There’s mounting evidence that many types of foods, herbs and spices influence how the body reacts to inflammation and responds to infection. Turmeric, a cousin of ginger, is a spice derived from the leaves and roots of the turmeric plant. Recently, the spice, which adds that complex, warm, peppery flavor and golden color to curry dishes, has sparked the interest of researchers.
Studies are beginning to show that turmeric is a promising anti-inflammatory, containing high amounts of cancer fighting antioxidants. Turmeric has been traditionally used to cure a wide range of ailments including diarrhea, fever, bronchitis, colds and bladder and kidney inflammation. But recent research has implicated its ability in reducing cancer risk. Turmeric's active ingredient, curcumin, is believed to be at least partially responsible for these effects.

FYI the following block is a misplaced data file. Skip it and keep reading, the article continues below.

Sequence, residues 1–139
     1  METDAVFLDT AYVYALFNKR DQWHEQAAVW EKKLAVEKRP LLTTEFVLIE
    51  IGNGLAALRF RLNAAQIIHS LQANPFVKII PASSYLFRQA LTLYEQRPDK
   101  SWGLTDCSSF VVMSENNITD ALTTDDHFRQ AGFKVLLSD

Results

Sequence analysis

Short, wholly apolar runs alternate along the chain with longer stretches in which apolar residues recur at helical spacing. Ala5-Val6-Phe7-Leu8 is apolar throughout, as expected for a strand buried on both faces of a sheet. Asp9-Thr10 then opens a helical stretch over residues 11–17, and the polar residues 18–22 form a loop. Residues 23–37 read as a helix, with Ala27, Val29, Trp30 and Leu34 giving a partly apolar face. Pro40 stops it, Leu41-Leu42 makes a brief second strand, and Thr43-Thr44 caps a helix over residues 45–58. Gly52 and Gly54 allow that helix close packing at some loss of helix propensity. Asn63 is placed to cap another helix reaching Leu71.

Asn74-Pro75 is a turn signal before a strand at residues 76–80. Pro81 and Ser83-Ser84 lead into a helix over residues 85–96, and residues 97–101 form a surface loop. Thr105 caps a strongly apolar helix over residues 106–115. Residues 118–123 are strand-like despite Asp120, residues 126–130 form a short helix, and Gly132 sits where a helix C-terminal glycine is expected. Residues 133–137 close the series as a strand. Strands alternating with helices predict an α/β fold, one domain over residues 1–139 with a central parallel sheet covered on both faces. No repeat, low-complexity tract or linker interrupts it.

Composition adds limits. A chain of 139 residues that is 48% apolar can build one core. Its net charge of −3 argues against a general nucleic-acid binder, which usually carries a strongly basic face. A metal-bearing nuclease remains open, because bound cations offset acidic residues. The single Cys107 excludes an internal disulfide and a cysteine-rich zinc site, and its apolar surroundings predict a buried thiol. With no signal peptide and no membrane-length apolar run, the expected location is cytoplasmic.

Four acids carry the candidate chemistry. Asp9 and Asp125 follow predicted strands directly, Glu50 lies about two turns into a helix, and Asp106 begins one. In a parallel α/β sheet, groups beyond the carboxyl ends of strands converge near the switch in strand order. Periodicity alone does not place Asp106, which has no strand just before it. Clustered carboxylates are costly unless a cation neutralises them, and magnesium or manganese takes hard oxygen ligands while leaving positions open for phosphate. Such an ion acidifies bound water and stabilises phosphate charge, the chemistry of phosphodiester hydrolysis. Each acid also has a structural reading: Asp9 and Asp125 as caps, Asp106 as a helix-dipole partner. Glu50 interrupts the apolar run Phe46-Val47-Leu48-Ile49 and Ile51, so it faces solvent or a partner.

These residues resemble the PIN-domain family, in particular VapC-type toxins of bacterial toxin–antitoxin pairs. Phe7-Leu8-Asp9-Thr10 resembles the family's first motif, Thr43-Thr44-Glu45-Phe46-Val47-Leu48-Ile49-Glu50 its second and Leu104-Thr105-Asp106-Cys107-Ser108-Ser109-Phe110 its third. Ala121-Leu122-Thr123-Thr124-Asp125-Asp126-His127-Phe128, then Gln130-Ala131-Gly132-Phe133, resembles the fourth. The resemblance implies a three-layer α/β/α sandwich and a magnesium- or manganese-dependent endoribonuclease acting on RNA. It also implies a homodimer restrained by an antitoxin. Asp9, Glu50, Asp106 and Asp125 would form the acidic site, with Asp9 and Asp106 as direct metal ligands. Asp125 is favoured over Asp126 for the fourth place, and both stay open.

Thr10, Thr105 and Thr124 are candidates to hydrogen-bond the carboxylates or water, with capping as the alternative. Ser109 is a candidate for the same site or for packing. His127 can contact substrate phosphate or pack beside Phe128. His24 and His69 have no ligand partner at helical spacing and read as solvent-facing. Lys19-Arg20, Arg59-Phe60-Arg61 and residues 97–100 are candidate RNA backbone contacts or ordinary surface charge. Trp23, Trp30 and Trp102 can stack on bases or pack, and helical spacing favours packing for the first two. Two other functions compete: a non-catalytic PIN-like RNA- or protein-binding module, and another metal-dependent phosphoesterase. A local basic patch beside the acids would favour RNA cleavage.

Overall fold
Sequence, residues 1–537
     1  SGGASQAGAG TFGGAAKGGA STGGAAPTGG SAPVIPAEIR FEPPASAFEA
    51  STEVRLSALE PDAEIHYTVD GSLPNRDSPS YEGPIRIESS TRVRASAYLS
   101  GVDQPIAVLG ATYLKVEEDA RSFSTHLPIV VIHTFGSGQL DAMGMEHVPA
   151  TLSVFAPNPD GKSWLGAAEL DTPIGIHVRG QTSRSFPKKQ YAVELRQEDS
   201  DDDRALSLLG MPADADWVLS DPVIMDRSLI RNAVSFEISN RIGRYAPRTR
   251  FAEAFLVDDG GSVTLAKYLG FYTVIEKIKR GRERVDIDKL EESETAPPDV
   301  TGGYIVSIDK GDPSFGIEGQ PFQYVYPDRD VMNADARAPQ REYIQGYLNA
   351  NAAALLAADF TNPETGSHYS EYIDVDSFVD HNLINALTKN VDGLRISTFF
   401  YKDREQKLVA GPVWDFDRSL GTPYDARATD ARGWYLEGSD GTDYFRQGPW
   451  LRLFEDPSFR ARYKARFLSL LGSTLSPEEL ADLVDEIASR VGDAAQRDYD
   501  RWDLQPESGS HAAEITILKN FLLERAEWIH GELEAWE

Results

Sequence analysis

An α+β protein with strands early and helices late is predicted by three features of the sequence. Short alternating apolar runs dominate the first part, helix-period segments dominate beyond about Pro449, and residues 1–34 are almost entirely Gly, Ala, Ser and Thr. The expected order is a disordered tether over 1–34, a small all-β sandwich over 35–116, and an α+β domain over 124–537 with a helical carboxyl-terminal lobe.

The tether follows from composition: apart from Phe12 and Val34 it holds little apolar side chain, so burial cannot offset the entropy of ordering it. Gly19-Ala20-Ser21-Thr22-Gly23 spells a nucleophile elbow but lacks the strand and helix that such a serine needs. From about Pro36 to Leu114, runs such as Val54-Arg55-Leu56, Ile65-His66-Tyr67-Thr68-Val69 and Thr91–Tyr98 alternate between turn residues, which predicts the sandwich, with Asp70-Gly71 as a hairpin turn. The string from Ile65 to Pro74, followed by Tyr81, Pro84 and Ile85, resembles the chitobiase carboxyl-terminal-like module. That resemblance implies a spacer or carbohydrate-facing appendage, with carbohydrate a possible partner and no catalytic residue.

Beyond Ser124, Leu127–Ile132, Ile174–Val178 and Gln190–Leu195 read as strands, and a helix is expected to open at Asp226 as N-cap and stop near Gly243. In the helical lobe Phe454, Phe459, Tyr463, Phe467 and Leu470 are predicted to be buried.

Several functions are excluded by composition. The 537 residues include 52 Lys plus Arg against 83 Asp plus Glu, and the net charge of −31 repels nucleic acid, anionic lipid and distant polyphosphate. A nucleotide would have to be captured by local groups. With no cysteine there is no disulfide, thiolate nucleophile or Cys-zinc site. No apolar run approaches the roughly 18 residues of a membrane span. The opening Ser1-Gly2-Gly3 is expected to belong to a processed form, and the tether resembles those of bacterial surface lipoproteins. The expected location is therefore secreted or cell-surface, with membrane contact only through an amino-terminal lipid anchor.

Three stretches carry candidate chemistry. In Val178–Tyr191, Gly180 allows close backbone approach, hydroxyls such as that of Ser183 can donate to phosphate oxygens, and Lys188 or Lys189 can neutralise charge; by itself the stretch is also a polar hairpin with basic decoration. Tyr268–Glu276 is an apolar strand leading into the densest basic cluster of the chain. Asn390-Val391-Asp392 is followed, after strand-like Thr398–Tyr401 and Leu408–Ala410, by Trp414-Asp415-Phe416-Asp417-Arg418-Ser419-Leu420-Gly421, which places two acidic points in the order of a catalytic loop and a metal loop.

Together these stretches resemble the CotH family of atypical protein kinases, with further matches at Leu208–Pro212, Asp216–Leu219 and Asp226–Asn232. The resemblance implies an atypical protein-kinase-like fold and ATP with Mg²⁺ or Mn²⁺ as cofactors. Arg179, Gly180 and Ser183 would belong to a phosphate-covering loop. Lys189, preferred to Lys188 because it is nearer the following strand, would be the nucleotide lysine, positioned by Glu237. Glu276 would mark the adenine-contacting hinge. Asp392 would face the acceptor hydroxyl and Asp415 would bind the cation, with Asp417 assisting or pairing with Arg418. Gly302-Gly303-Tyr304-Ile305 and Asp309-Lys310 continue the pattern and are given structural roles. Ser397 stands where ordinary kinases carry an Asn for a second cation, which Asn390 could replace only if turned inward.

According to the American Cancer Society, several types of cancer cells are inhibited by curcumin in the laboratory; it has also slowed the spread of some cancers in a number of animal studies. Although additional clinical trials and studies are needed, one researcher reported that curcumin repressed the formation of cancer-causing enzymes in rodents and reduced the growth of animal tumors.
If you don't already cook with turmeric, consider curcumin as an addition to your existing supplement regimen. It can be purchased in capsule or tablet form (or, of course, whole turmeric can be purchased as a food spice). Locally, the highest quality turmeric can be found at Sunflower Farmers Market, Natural Grocers or Mountain Mama's Natural Foods. Make sure to check with your doctor for current medication compatibility before starting any new supplementation.